U.S. Senator Ben Cardin

Letters From Ben

April 6, 2024

A Total Eclipse

Dear Fellow Marylanders,

We’re just days away from the next total solar eclipse. On Monday, April 8, using appropriate safety glasses, we’ll watch together as the moon crosses the sun’s path and block its light. Those in what is called the path of totality will experience darkness for minutes during the middle of the day. It’s an incredibly rare phenomenon that won’t happen again for another 20 years. Rare events create a sense of unity and solidarity, and that is most apparent in times of crisis.

When a section of Interstate-95, one of the country’s busiest interstates collapsed in Philadelphia, repairing the highway was the only topic of conversation. President Biden put the project above anything else saying, “There’s no more important project to the country right now, as far as I’m concerned.” With state and federal support, and the country behind them, the highway was repaired and reopened in less than two weeks.

When wildfires ravaged Maui, states sent boots on the ground to Hawaii, and the federal government stepped up to help build housing for displaced residents. Early this year, when unusual storms caused massive flood damage in Southern California, without hesitation, we provided disaster relief to help homeowners impacted by the flood.

In 2007, when the I-35 bridge collapsed in Minneapolis, the Republican Senator from Minnesota, Norm Coleman, asked for federal support from his colleagues. Within in days after the accident, Congress had sent a bill to President Bush’s desk that authorized a fully federally funded rebuild.

And, barely two weeks ago, when the Francis Scott Key Bridge collapsed, leaders in Maryland and across the country came together to respond to the crisis.

From day one of this disaster, I’ve received calls from colleagues on both sides of the aisle voicing their support for Baltimore and rebuilding the bridge. While there have been a handful of extremists who have tried to say that “it’s not the government’s job to fix it,” President Biden and the majority of the members of Congress have demonstrated that this is exactly the job of the federal government – stepping in during times of national and regional crises.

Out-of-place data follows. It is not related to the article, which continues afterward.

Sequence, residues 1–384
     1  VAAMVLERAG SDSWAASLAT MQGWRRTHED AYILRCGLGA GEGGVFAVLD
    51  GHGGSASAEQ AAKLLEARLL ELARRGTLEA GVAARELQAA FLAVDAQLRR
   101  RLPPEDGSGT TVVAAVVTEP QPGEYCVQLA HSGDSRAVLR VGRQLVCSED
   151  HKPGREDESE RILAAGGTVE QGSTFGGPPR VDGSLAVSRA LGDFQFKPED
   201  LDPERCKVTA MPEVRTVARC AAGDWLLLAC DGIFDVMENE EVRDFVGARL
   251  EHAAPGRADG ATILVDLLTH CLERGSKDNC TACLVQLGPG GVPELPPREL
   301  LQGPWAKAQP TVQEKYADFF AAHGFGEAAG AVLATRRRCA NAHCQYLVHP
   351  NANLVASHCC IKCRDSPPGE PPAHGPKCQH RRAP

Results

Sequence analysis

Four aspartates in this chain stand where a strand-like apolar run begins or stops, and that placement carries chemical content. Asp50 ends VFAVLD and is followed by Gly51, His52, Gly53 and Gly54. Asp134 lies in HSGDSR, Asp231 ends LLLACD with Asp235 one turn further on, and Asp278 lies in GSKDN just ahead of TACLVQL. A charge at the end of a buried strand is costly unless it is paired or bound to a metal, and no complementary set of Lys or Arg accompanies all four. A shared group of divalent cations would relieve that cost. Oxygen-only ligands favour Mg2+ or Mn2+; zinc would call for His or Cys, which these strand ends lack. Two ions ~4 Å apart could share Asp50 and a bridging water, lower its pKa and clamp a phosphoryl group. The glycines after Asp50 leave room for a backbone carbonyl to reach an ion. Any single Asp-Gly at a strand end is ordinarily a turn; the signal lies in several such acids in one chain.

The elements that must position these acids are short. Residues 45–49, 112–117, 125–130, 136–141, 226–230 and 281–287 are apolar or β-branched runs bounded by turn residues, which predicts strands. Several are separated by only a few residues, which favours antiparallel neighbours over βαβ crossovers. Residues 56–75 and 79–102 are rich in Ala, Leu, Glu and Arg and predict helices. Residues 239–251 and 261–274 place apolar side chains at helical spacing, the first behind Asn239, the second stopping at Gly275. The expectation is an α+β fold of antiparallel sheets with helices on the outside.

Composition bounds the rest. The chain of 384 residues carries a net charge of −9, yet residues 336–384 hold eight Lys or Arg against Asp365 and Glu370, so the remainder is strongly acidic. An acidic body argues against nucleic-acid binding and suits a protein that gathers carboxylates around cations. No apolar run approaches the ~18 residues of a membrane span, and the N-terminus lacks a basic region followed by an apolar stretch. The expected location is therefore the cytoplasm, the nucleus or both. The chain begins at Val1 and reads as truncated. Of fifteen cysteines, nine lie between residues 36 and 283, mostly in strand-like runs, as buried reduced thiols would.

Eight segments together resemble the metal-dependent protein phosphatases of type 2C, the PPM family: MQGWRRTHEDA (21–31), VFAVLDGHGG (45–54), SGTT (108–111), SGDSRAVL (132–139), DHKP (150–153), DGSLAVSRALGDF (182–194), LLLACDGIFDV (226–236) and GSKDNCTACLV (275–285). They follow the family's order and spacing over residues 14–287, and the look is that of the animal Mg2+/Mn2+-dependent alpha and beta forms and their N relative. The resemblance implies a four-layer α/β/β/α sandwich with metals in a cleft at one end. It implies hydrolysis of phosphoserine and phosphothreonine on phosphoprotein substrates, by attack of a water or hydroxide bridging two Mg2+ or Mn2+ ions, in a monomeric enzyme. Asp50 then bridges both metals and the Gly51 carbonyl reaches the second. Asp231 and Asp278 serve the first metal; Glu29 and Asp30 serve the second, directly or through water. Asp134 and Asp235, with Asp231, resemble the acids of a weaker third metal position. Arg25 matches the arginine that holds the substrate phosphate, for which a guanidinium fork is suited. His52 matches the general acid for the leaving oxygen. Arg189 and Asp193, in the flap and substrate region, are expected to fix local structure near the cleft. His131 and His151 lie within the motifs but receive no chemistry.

Approved within hours of the request, federal emergency relief funds have been helping on the scene and surrounding area. The U.S. Army Corps of Engineers has brought in its own experts, along with monster cranes to haul away the remnants of the bridge in 200-300-ton pieces. 

Leading the economic relief has been Administrator Isabel Casillas Guzman, head of the U.S. Small Business Administration (SBA), who swiftly approved an emergency declaration and, this Thursday, led a roundtable in Baltimore to hear from local businesses affected by the bridge’s collapse. The SBA has made low-interest, long-term Economic Injury Disaster Loans (EIDL) available to affected business owners to help them overcome temporary loss of revenue. The SBA also moved swiftly to open two Business Recovery Centers (BRC) in Baltimore and Dundalk to assist business owners in completing their disaster loan applications.

The U.S. Department of Labor has been working around the clock to lessen the economic blow of this disaster which affected so many small businesses, longshoremen, port workers and individuals in the Baltimore metropolitan region and beyond. On Friday, they announced $3.5 million in federal grants to help these displaced workers.

Natural disasters can happen at any time, anywhere in the country. They do not discriminate between Democrats and Republicans, or between red and blue states. Disasters are not partisan, and our response to them should not be either.

Americans are as interconnected as the roads and bridges that link the country, and we have always been able to rely on our neighbors in times of crisis. Right now, Baltimore and its portal to the nation and the world is in need, and our national response is proving that nothing can eclipse the collective strength and support of the country.

Thank you for your time. Please feel free to reply to this email with your thoughts on this or any other topic. I appreciate all the feedback we receive.

In solidarity,